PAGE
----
Zero Sum and the Government

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While discussing progressive "solutions" the other day, someone said my problem was that I saw government as a zero sum game. Where every dollar you used to help one person, came from the pocket of someone else, so there could never be a net win for society. I explained that it is much worse than that: when government is involved, because there's overhead, waste, fraud, work rules, politics, and other things that dissolve efficiency, freedom, pride and value, as part of the transaction, it is always a negative-sum (lose-lose) game. That isn't to say there aren't winners, there's just always far more losers: because of how the system works.



In many agreements there are 4 basic quadrants. Both win (upper right), both lose (lower right), and the zero-sum upper left and lower right: where one person wins and another loses.

When a baker sells a cake to you (for a profit), it's win-win. You got a cake for a good value (below the level where you would just make the cake yourself). And the baker sold a cake for his cost of goods and labor value (his profit).

When government makes a law, that's generally win-lose (zero-sum). If the law says the baker MUST bake that cake for a gay wedding (for example), the baker loses his liberty, while the government/recipient got to force them. The legislators and voters that won, got to feel self important. The victims and voters that loss, get to feel stepped on and enslaved. So there's a win and a loss component.

But when a government does a social program, like many things government does it is negative-sum (less than zero sum), and both sides lose. This is common in things like any prisoner's dilemma, wars or fist fights (where both sides hurt people and break things), gambling (for the players) due to the house rake, financial trading (for the investors) due to commissions, and so on. You can win in-spite of the system -- but the system itself was always a drag on the participant.

Zero-sum implies that what I take from X, gets delivered to Y.

Because government can only get money by taxing, printing or borrowing, it can only take away. Any of those burden businesses and individuals with either direct taxes, inflation, or debt. So any reward to one group, comes at the expense to everyone else: which is why government is zero sum.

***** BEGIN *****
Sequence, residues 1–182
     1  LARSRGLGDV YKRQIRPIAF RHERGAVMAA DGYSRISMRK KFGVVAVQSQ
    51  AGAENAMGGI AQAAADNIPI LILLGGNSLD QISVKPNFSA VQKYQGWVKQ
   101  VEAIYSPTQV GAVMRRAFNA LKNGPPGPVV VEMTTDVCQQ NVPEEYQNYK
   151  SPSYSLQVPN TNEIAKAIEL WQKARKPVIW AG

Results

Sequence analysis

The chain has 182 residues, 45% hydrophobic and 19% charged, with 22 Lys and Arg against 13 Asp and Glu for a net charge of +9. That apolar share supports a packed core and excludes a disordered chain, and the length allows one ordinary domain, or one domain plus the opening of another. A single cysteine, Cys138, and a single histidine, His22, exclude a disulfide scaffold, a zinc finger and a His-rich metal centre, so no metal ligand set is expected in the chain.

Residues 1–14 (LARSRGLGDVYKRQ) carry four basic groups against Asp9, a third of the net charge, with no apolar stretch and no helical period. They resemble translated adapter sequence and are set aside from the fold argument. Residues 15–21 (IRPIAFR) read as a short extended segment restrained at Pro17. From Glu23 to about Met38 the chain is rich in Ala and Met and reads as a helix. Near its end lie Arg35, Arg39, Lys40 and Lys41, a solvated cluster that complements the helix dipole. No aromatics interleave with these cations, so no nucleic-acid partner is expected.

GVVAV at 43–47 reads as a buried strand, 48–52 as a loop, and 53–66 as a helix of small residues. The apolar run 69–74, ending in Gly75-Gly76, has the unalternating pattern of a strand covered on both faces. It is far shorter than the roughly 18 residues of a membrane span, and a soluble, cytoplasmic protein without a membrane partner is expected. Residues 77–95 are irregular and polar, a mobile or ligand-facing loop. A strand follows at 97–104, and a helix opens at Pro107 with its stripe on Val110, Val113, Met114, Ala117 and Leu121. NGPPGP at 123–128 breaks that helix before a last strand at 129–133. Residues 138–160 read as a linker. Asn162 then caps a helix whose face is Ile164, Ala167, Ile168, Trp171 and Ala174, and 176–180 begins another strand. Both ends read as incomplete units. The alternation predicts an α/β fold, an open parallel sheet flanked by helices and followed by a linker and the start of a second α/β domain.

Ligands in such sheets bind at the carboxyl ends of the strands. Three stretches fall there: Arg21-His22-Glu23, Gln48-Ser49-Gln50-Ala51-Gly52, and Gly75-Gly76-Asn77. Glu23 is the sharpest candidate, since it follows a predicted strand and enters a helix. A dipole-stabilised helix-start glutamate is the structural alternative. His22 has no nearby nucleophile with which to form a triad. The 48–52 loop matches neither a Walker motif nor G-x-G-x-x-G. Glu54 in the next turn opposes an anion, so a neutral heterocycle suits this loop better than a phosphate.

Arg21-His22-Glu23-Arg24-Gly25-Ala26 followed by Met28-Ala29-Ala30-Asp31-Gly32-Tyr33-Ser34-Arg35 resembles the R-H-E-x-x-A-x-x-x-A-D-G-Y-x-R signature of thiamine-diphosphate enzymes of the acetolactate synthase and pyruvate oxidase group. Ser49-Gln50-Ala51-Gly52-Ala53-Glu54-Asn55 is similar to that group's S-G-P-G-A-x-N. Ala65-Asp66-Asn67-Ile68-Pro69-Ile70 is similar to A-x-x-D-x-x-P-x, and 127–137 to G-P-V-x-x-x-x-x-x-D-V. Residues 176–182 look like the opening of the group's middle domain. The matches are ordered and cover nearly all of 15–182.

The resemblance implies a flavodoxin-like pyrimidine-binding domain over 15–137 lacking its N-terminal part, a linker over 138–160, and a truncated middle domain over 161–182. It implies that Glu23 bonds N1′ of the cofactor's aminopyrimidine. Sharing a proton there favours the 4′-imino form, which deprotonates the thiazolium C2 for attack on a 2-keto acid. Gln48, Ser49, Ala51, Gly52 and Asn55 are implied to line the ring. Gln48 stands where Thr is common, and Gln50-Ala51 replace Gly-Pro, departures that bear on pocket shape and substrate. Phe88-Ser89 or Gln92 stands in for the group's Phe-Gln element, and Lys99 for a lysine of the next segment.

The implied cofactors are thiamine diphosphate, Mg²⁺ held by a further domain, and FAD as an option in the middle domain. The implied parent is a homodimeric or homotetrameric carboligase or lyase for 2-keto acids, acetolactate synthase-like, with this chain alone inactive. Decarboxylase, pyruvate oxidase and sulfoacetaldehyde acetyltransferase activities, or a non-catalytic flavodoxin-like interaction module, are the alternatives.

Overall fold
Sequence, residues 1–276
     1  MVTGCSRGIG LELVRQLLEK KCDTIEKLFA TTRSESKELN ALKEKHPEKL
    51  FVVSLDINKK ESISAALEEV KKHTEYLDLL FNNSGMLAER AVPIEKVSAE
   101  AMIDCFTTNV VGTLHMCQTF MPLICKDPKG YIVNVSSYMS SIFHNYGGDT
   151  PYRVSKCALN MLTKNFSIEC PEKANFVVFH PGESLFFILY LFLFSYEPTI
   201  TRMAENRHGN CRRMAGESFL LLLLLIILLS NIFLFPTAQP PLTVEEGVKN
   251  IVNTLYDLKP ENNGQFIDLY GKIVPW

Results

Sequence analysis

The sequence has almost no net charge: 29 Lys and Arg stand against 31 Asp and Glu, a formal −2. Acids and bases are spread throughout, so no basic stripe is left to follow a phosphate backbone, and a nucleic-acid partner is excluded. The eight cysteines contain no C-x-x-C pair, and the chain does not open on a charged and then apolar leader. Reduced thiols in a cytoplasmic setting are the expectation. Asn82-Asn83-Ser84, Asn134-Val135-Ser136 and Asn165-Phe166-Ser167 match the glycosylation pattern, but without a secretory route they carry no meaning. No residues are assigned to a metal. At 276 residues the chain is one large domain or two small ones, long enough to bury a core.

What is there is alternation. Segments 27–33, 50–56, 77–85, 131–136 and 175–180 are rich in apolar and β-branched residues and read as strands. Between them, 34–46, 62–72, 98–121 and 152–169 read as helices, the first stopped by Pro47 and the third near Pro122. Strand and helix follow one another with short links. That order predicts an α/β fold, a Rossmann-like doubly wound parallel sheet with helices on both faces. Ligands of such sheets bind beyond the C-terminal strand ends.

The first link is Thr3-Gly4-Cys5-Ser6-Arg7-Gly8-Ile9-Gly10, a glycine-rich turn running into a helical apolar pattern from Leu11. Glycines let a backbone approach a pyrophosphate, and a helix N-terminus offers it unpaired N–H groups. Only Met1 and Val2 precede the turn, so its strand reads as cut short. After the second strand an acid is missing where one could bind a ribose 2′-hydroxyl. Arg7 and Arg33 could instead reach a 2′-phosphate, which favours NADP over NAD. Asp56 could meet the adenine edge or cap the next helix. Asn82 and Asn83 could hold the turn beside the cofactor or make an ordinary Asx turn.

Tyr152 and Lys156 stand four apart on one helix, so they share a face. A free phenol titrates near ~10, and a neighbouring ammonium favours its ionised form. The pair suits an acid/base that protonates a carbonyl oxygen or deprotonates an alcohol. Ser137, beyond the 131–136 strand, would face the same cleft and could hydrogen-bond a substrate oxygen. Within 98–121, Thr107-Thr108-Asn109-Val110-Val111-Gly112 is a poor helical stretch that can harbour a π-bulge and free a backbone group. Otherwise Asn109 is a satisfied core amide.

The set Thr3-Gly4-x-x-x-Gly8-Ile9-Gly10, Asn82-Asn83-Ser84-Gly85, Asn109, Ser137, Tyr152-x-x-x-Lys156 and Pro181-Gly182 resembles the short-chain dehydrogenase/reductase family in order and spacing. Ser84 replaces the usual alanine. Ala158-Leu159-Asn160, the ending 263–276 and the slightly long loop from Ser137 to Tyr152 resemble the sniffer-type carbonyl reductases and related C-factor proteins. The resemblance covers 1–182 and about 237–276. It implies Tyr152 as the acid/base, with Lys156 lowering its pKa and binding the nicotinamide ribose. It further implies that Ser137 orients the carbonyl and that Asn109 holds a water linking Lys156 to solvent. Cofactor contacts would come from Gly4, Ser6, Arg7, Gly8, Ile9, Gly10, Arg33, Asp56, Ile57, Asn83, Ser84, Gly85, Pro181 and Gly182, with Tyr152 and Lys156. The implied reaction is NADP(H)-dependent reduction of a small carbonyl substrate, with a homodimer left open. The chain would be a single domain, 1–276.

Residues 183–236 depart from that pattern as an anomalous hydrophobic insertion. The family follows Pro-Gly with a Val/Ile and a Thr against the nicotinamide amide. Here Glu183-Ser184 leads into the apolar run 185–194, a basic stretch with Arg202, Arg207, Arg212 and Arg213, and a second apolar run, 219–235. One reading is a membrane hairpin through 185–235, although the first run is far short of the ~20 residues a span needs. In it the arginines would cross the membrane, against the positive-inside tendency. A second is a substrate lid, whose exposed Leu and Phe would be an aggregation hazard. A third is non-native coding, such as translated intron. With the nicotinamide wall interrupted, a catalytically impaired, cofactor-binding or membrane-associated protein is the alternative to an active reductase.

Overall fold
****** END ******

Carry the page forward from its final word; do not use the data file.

But it's worse than that, because there's an overhead.

Government works that they take from X (taking freedom), and waste a bunch in overhead for doing the redistribution, then they let a bunch of unworthy people lie to get some of it (encourage fraud, that they don't stop effectively), then they give a small fraction to Y with a bunch of restrictions and stipulations (that make their fraction even less performant than it would otherwise be). Politics guarantees that X resents being stolen from and Y resents that it wasn't more -- so we get divided, resentful, and money is wasted. Everyone comes out behind.

NOTE: In theory the government can invest in infrastructure that gets you net returns in the long run. There's very very few exceptions where government might "invest" in infrastructure, which lasts long enough to eventually get a return. Bridges, dams, roads, and so on.

But it only works in theory.... as long as you don't look at two things:

  1. Treasury View of economics. That government jobs usually displace private sector jobs, just less efficiently -- so it would have been much cheaper for government to buy that same infrastructure via the private sector (that to build it themselves).
  2. That the government often builds capacity you don't need. Roads to nowhere, bridges that are rarely used, and replacing smaller things with bigger (under the theory that more is better). But under-used items are just a burden on the economy (stealing opportunity costs, and costing us in maintenance). These costs usually outweigh the few things that actually return more than they cost.

This isn't made up, I used an Economist article, and their data, to show an example of exactly how much this happens.